# CHAPTER XIV VES THEORY AND THE MAGNETIC FORCE Electrons

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CHAPTER XIV
VES THEORY AND THE MAGNETIC FORCE

The magnetic force has been recognized since ancient times. Today,
most of us are familiar with the strong forces generated by magnets, and we
can’t help being impressed by an electromagnet that is able to lift an
automobile. Just as impressive is the strength of attraction or repulsion
between two small magnets held in the hands. It should be pointed out that
physicists in general believe that the magnetic force and electric force are
different manifestations of the same force. VES theory states that they
originate from the same spinning bodies, quarks, electrons and photons, but
they have their own unique strings.
A bar magnet has a north pole and south pole, and a force of attraction
exists between them. In contrast, a force of repulsion is set up when two
north poles are brought together or when two south poles are brought
together. In this regard, magnetism resembles electricity.

Electrons are Magnetic Dipoles
If a bar magnet is broken into pieces, all the pieces have a north and
south pole. In fact, if a bar magnet is broken down into individual
subatomic particles, all of the particles that carry an electric charge are tiny
magnets. In all cases, they are dipoles and have both a north and south pole.
This is in contrast to electricity where the electron is a monopole with a
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negative charge and the proton is a monopole with a positive charge.
Because the electron is a magnetic dipole, it gives this particle a spatial
arrangement with an axis as shown in Figure 14.2.

Electron Spin
The electron in an atom has two motions: an orbital motion about the
nucleus and a spinning motion. Frequently, physicists draw an analogy
between the intrinsic spin of an electron and a spinning top. The energy
associated with an electron’s spin is given in units of h bar, which is the
quantum unit of angular momentum, where h bar = h/2Pi = 6.58 x 10-25 GeV
= 1.05 x 10-34js. (h is Planck’s constant). Scientists believe that most of the
magnetic force comes from the energy associated with the spin motion of
the electron. I believe all the forces of nature have their roots in the linear
motion and spin motion of subatomic particles. This is taken up in detail in
the chapters that follow.
Although the elastic properties of a long string doubtlessly aid in the
retraction of the string back to the subatomic particle that created it, I
believe its retraction and re-absorption also requires an energy source. I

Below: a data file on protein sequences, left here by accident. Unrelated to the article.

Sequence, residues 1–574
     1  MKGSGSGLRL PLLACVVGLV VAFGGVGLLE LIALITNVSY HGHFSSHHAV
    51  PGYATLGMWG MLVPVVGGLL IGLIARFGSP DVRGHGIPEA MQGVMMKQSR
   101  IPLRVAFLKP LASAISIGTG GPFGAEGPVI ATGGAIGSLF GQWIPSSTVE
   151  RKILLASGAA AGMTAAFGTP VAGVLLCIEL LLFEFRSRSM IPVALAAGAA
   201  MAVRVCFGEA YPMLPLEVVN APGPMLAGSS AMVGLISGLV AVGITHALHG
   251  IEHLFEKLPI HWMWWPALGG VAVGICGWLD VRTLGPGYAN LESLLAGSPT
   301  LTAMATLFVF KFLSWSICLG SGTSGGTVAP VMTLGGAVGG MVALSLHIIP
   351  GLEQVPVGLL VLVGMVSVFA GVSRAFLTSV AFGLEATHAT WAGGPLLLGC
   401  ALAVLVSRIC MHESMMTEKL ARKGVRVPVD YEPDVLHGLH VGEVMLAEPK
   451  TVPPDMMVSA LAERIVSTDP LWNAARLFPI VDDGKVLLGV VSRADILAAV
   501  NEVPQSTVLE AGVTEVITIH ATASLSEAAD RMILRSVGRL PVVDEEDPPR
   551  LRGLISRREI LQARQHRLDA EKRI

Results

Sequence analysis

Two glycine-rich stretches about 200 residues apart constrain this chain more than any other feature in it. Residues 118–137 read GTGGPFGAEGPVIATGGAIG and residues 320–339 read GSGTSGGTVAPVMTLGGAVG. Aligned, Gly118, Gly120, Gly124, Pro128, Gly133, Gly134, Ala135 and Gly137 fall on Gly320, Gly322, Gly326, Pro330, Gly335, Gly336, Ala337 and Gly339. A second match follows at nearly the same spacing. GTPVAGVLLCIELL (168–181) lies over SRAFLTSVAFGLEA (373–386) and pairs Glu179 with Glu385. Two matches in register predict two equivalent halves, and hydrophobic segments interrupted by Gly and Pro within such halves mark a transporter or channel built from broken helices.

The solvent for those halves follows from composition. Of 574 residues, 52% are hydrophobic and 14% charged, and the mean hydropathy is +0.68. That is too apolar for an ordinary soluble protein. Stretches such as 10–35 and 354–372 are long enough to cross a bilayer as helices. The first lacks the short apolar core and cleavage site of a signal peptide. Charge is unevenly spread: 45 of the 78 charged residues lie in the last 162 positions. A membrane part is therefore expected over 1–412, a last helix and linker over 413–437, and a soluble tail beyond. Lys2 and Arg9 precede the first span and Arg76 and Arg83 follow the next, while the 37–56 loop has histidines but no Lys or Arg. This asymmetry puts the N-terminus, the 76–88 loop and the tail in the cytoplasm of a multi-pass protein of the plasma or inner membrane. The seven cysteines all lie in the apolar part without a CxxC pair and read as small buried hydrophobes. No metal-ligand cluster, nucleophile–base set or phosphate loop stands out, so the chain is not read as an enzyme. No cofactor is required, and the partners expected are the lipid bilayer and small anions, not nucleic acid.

present a theatrical model in Chapter XV that explains how spin angular
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momentum is essential for the creation and retraction of virtual elastic
strings.
The spin of an electron may be clockwise or counterclockwise with
respect to its north pole. When two electrons with opposite spin are paired
up, they cancel each other’s magnetic field.
In most atoms, there are an equal number of electrons that spin
clockwise and counterclockwise, and for this reason, most atoms are non-
magnetic. Iron is unique in that it has four electrons with the same spin
motion. Several other metals have magnetic properties as well. In most
cases, a piece of iron is not magnetic because the electrons are oriented at
random and their magnetic fields cancel each other out. However, when iron
is placed in a magnetic field, the four unpaired electrons in iron become
oriented in the same direction, and the piece of iron becomes a magnet.
Scientists believe that in a bar magnet, the magnetic lines of force in the
center of the magnet cancel each other out, and the electrons at the end of
the magnet create the north and south poles as shown in Figure 14.3. The

north and south ends of a magnet have equal strength, which shows very
clearly that the north and south poles of the electron have equal magnetic
fields.
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VES Theory
The dipole nature of magnets can be explained if two different, but equal
in strength, virtual elastic strings are responsible for the magnetic force.
The virtual elastic string generated by the south pole of the electron is herein
called an s-magneton, and its counterpart, also generated by the electron, is
called an n-magneton.
When s-magnetons come in contact with n-magnetons they bond. Now